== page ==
PMCID: PMC4096491  PMID: 25031539
ovarian cancer; targeted therapies; folate receptor; antifolate; farletuzumab; vintafolide
5.  Nonabsorbable suture granuloma mimicking ovarian cancer recurrence at combined positron emission tomography/computed tomography evaluation: a case report 
This is the first case of suture granuloma mimicking isolated ovarian cancer relapse. Only six analogous cases have been previously reported in other malignancies.
Case presentation
We report the case of a 44-year-old Caucasian woman with partially platinum-sensitive ovarian cancer in which radiological features, including computed tomography and combined 18F-fluorodeoxyglucose-positron emission tomography/computed tomography, were strongly suggestive of isolated cancer relapse in her right subdiaphragmatic region. Laparoscopic examination resulted negative, but was not completely suitable due to widespread adhesive syndrome. The laparotomy for secondary cytoreductive surgery and biopsy of the suspected area showed inflammatory granuloma caused by nonabsorbable propylene suture, without evidence of neoplastic cells. Moreover, unexpected peritoneal carcinosis was found.
This evidence suggests that clinical details about previous surgical procedures are necessary for adequate interpretation. Although much progress has been made in imaging techniques, especially in the promising field of combined 18F-fluorodeoxyglucose positron emission tomography/computed tomography, these procedures should be still thoroughly investigated in order to promptly rule out tumor recurrence and avoid unnecessary surgery.
PMCID: PMC4082177  PMID: 24942653
Cancer; Diagnosis; Foreign body; Surgery
6.  Vulvar Malignancy in Neurofibromatosis Syndrome 
Type 1 neurofibromatosis (NF1) is a dominantly inherited neurologic disorder that affects primarily the skin, bones, and peripheral nervous system. It may be associated with a variety of clinical manifestations including cafe-au-lait spots, skinfold freckling, Lisch nodules, and visceral neurofibromas. Individuals affected by NF1 harbor an increased risk for both benign and malignant tumors. Malignant transformation is usually observed in the form of neurosarcoma. Rarely, NF1 affects the genital tract, and isolated vulvar localization is extremely rare. Here is reported a rare case of a solitary neurosarcoma of the vulva in a 43-year-old woman affected by NF1 syndrome treated with surgical excision. The purpose of this case is to underline the possibility of association between NF1 and genital tract sarcoma and to suggest an accurate evaluation of rapid growth vulvar mass in this setting.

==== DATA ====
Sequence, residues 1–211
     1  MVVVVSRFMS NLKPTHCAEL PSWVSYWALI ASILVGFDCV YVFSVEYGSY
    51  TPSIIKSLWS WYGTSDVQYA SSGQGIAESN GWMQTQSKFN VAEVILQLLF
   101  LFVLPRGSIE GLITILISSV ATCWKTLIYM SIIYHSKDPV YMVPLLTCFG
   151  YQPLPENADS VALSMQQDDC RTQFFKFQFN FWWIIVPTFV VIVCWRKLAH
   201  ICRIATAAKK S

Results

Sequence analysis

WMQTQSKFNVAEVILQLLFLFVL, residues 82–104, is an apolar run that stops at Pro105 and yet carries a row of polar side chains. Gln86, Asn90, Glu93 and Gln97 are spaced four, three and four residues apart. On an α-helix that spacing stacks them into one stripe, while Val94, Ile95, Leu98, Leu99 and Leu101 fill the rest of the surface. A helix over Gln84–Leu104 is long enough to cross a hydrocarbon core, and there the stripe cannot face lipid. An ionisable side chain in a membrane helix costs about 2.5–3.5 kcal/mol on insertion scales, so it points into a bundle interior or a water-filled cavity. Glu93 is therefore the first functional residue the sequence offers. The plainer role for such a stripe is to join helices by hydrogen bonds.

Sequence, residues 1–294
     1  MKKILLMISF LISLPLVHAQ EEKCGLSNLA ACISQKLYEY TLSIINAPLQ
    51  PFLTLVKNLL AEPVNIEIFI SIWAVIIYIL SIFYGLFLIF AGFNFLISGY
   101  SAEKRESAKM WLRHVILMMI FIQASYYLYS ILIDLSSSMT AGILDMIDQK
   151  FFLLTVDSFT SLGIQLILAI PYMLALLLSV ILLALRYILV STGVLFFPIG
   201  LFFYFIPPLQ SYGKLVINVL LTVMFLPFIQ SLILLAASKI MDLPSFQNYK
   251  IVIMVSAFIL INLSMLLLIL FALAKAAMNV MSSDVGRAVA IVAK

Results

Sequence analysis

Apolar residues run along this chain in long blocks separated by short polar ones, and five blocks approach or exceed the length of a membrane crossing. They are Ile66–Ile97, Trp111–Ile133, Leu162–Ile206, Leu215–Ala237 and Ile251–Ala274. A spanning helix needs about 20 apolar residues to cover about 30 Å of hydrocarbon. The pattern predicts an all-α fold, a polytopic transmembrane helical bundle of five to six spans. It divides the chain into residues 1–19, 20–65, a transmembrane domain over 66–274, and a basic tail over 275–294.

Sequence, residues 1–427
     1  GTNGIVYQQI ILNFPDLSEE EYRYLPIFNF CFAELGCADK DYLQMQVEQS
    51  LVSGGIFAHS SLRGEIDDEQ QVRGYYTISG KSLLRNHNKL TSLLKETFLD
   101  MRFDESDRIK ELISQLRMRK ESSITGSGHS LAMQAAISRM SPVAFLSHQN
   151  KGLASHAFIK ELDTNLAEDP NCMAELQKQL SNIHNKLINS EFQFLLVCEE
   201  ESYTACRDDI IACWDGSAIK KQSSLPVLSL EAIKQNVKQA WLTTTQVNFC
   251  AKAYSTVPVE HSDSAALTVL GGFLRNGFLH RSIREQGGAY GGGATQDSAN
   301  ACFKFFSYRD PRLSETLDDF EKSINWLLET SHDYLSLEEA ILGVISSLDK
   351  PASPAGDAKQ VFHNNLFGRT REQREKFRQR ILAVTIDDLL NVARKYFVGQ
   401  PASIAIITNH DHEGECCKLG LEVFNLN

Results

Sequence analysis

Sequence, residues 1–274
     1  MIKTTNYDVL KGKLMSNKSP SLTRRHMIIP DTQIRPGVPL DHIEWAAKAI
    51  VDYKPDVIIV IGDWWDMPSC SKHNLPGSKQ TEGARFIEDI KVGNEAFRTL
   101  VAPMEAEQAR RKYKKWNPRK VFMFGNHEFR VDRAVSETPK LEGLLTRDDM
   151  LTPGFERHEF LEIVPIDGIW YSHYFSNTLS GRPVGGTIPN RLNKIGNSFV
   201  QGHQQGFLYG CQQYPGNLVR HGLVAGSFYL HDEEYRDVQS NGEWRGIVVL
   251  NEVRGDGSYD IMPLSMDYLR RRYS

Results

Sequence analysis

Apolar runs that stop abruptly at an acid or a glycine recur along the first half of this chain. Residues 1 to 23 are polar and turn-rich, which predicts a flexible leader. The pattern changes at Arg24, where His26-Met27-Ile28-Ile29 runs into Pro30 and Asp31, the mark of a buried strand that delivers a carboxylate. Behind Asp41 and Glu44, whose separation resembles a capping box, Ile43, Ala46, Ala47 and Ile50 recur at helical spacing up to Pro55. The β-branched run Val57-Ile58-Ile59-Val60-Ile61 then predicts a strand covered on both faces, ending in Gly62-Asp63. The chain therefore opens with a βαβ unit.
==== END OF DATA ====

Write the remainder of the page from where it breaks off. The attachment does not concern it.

PMCID: PMC3792537  PMID: 24167749
7.  First case of isolated vaginal metastasis from breast cancer treated by surgery 
BMC Cancer  2012;12:479.
Breast cancer is a leading cause of death in developed countries. This neoplasm frequently relapses at distant sites such as bone, lung, pleura, brain and liver but rarely in the lower female genital tract.
Case presentation
We present the first case of isolated vaginal breast cancer metastasis and its surgical treatment.
This case report focuses on the importance of an accurate genital tract examination as part of regular follow up in breast cancer survivors. Indeed, after this experience we feel that surgery could be considered a valid option for the treatment of an isolated vaginal metastasis.
PMCID: PMC3495020  PMID: 23075305
Breast cancer; Radical surgery; Vaginal metastasis

Results 1-7 (7)